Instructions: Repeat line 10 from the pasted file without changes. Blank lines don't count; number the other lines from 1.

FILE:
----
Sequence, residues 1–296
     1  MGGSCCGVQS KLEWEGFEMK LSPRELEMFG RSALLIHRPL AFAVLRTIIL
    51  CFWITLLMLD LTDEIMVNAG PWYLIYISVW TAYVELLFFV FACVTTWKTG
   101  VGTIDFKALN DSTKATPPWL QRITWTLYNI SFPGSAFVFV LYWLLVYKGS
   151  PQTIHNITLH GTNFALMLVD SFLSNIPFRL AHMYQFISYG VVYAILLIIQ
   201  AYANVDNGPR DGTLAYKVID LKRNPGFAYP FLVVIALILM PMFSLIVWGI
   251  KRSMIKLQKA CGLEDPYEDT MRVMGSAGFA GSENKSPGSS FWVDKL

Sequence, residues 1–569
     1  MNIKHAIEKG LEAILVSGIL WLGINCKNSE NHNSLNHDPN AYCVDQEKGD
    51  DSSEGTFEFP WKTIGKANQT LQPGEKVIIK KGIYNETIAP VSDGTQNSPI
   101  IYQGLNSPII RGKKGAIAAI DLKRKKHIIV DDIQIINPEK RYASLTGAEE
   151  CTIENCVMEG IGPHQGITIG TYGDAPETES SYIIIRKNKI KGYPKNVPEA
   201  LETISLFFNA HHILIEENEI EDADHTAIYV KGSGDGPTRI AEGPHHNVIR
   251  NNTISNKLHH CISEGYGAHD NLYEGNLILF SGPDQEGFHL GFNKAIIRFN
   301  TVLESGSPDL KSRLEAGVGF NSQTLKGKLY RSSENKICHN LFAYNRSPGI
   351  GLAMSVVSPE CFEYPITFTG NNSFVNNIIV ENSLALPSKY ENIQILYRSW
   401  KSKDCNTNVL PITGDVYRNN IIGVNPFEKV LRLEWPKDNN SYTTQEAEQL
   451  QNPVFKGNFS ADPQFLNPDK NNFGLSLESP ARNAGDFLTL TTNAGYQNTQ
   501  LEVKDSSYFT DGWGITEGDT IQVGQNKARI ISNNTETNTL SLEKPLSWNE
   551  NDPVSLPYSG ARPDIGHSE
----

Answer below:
    51  DSSEGTFEFP WKTIGKANQT LQPGEKVIIK KGIYNETIAP VSDGTQNSPI